Maybe it would be good to have more memory benchmarks on HWBOT 🤔

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5 hours ago, marco.is.not.80 said:

I keep hearing people say there is very little overclocking headroom in modern CPUs. I honestly can't figure out where this mentality is coming from. I'm running a 9900K at 5.1 ghz all cores on my daily driver. That's a whopping 41% increase from stock. Most people are doing at least 5 ghz on 9900k - still close to 40%. How is that considered "very little headroom?"

I think people are using the turbo multiplier as their gauge for measuring... I don't believe this is an accurate way to do it.

chip does a sustained 4.8turbo all core with reasonable temps. asrock z490

average chip does 5.0 all core with NH-d15 or drp4 and 100c+ in real stability tests.

Edited by chew*
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1 hour ago, mickulty said:

"Even if a future processor gets really good at extracting every last drop of performance, and even if we ignore running at unstable settings or with unsafe voltage, you can still work on performance by doing stuff with cooling."

a 3900x with a NH-d15 will run 3.8-4.2 with temps peaking about 80c letting AMD do there thing. If you pay attention to voltages top end scale is 1.35v which has been stated safe by amd. If you set a manual OC @ 4.2 and voltage 1.35 you will hit 95c in about 5 mins thermal throttle and spit out an error in like 4k 8k 12k iterations.

your already in an extra $100 in cooling with NH-d15 how much do you really want to spend just to get minimal gains. Money is spent better elsewhere on a higher end sku or a step up vga or higher rated memory or a faster ssd, things that will give you a noticeable gain in performance.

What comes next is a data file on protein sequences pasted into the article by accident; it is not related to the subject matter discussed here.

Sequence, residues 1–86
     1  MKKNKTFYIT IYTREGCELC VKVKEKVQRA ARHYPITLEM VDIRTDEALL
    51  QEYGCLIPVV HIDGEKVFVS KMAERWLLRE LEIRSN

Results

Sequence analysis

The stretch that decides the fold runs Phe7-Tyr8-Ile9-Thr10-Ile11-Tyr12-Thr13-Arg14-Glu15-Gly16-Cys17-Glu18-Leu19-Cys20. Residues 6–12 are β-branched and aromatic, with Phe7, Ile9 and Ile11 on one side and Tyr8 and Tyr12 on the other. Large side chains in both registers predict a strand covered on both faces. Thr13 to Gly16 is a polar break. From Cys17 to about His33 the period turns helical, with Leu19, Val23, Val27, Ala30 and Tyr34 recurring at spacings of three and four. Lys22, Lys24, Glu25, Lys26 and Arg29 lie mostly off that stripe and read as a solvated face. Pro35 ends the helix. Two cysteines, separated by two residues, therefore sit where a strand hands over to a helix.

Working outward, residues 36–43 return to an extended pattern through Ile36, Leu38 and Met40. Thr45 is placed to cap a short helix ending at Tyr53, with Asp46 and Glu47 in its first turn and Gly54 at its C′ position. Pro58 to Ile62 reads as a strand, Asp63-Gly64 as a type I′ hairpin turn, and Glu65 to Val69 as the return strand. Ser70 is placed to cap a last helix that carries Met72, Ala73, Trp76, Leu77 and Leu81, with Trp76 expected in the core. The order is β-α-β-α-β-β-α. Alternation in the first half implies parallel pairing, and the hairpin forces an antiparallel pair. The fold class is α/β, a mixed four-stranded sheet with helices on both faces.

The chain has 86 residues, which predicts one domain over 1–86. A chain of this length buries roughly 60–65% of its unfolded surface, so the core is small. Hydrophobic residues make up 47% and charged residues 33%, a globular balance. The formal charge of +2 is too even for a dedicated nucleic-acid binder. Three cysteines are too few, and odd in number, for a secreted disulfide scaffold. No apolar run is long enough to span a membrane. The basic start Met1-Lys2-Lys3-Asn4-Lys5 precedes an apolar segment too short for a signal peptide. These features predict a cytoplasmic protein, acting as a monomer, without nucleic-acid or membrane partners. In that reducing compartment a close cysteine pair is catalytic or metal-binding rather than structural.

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36 minutes ago, mickulty said:

@chew* overclocking as a hobby is already not really cost effective, my point is that if people are genuine enthusiasts who wanna compete to extract the most performance then they still can.

I agree and I can never leave something untouched. If I can't find headroom in core clocks it onto uncore or nb and memory ocing however in its current state core clocking in the high end segment for the ambient casual 24/7 guys is rather demotivational in its current state.

I'm not really complaining as AMD and Intel is doing what I and many ocers used to do as far back as 3dmark 01 and they are doing it better. We used to boost clocks/voltage per game test. As benches evolved and you could not "pause" between tests so to speak we started using OC on the fly buttons, maybe drop cpu speed through a cpu test bump back up in game tests. Hell I recall doing some MOA comp where I was benching vantage on an IGP and I used + - OC button to run varied clocks through each test.

Manufacturers took it a step further with variable on the fly voltages and clocks so in a sense put the ambient ocers out of a "job" so to speak.

Ambient > sub zero as far as the populus went, no clue where it stands now but I imagine that ratio has gone down with the way things are currently compared to say 10 years ago.

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Sub zero (i.e. ss) is getting more and more expensive with latest gens of hardware - both my ss won't stand overclocked cpus (latest I tried was 5820K, which was at positives @5ghz full load) as they are tuned for 200-250W. I can just imagine how expensive a proper ss may be. And DI/LN2 are totally impractical (I can imagine ultimate gaming rig cooled by ss or chiller - but not cooled by ln2) and require expensive entry ticket (pots, dewar, thermometer).

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17 hours ago, chew* said:

chip does a sustained 4.8turbo all core with reasonable temps. asrock z490

average chip does 5.0 all core with NH-d15 or drp4 and 100c+ in real stability tests.

All true. Which simply says that without even trying most people see a big gain from what is advertised. The only thing I'd say to what you wrote above is that 5.0 on all cores doesn't include leaving the AVX speed the same and probably means it set at -3 or lower - agreed?

19 hours ago, havli said:

I don't care what Intel advertise.

I mean, if we can't even agree on where to start it becomes a pointless conversation. I'm not here to convince but to converse.

Edited by marco.is.not.80